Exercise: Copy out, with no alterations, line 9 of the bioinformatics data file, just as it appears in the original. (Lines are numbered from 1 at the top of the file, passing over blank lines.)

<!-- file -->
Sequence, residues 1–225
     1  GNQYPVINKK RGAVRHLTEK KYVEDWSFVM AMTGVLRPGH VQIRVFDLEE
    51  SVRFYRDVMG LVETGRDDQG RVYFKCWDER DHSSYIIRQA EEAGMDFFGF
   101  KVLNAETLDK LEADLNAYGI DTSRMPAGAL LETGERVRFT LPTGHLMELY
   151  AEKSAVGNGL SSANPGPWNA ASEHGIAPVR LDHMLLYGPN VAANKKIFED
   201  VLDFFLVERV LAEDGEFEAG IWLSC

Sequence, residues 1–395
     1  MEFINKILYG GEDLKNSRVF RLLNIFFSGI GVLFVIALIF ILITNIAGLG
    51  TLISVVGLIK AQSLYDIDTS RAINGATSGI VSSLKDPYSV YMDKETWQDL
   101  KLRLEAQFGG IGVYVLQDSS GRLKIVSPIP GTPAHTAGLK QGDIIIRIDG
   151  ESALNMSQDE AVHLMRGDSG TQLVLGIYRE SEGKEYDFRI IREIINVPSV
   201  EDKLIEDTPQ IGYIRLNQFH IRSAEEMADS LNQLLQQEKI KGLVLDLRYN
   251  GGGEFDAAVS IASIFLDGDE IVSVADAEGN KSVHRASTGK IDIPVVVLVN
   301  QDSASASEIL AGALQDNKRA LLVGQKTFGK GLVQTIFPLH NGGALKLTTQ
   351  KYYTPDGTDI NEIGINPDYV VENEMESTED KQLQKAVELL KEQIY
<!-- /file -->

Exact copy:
    51  TLISVVGLIK AQSLYDIDTS RAINGATSGI VSSLKDPYSV YMDKETWQDL